Two new podcasts from staff and students in the Department of Earth Science and Engineering (ESE) will aim to demystify Earth science and foster EDI.
The Core of Everything
The new podcast covers the basics of geology and the newest scientific discoveries in the field, with episodes ranging from the formation of our planet to the resources beneath our feet.
Nine episodes have already been released, involving different guests from ESE and covering a wide array of topics – including meteorites that hold the secrets of our solar system, what carbon capture is and how much CO2 storage is needed to reach climate targets, and how tectonic plates forming the Earth’s crust have been shaping our planet for billions of years.
More episodes will be released on a weekly basis, so subscribe and listen to the podcast on Spotify, Google podcasts and Amazon. You can also follow The Core of Everything on X (@thecoepod) and Instagram (@coepod).
Jack Turney, co-host and PhD student investigating how we can use magnetic minerals to understand how resources move in the subsurface, said:
“Earth science plays a significant role in our daily lives, even if people don’t always realise it. By delving into Earth's past and future, The Core of Everything aims to make geoscience accessible and exciting.”
Mark Boyd, co-host and PhD student looking at particles formed by natural processes in space and on the Earth to better understand past environments, said:
“Our pod is mainly aimed at young people with an interest in Earth science, although it extends to any person with an interest in Earth processes. The initiative is funded by ESE’s Outreach fund, and we hope it will inspire young listeners to pursue a career in geoscience.”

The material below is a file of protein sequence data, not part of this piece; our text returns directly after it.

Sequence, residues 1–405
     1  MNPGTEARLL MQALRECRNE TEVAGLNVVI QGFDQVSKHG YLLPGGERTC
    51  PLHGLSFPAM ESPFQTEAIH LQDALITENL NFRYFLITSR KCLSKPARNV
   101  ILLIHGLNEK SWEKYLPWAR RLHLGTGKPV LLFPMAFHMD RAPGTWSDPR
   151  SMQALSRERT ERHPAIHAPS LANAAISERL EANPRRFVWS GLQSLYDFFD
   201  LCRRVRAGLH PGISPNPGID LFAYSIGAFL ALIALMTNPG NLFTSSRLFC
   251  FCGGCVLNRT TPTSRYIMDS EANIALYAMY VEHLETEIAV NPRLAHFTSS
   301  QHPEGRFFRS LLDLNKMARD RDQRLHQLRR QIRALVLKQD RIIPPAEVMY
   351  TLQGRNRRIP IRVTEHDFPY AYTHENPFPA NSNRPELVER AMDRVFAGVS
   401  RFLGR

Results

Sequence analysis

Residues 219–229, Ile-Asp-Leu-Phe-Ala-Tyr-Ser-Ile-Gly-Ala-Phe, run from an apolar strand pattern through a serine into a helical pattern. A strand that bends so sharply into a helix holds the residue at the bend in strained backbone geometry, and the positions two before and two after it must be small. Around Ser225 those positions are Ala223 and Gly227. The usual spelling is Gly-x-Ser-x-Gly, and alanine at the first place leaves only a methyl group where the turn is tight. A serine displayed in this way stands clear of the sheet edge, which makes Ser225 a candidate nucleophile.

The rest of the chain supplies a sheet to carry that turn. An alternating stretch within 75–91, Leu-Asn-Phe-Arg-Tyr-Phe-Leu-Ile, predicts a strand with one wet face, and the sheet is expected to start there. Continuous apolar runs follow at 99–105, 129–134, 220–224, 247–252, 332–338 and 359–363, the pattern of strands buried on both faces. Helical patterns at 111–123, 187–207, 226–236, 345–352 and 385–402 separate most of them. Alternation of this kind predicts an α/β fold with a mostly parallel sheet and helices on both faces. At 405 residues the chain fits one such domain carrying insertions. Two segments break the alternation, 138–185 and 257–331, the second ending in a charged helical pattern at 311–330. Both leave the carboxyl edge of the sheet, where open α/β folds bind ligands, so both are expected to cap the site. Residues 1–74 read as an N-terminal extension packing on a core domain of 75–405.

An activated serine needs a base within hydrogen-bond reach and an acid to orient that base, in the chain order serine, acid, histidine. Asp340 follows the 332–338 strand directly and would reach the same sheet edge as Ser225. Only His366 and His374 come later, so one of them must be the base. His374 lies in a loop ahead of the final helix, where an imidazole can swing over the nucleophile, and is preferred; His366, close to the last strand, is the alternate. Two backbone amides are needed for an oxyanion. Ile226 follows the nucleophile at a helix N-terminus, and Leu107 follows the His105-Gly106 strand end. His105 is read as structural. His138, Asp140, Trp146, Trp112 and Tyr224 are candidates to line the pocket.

ESE’s EDI podcast
ESE’s Equality, Diversity, Inclusion and Culture (EDIC) committee also launched a new podcast over the summer to delve into various EDI-related topics.
Through this podcast, which will feature ESE staff and students as well as external guests, the EDIC Committee aims to raise awareness of EDI, demystify processes and empower the ESE community to share their experiences.
The first three episodes have been hosted by Dr Rebecca Bell, chair of ESE’s EDIC committee, and Sophia Quazi, ESE’s EDI coordinator, and explored the experiences and challenges of parenting in research and academia.
The EDIC committee is now looking for volunteers to host and participate in future episodes, so if you would like to get involved or you have any ideas or suggestions, please get in touch with the EDIC committee by emailing Sophia Quazi.
For the next episode, the EDIC committee is planning to interview Professor Chris Jackson, one of the founding members of ‘Black in Geoscience’, a virtual community for Black geoscientists aiming to celebrate and amplify the remarkable work of Black people in geosciences at all stages of their careers.
“Our new EDI podcast is a platform to raise important discussions about equity, diversity, and inclusion in the field of geoscience. Sharing personal experiences is a powerful way to bring different perspectives to the table and build understanding and inclusivity in the field."
Article text (excluding photos or graphics) © Imperial College London.
Photos and graphics subject to third party copyright used with permission or © Imperial College London.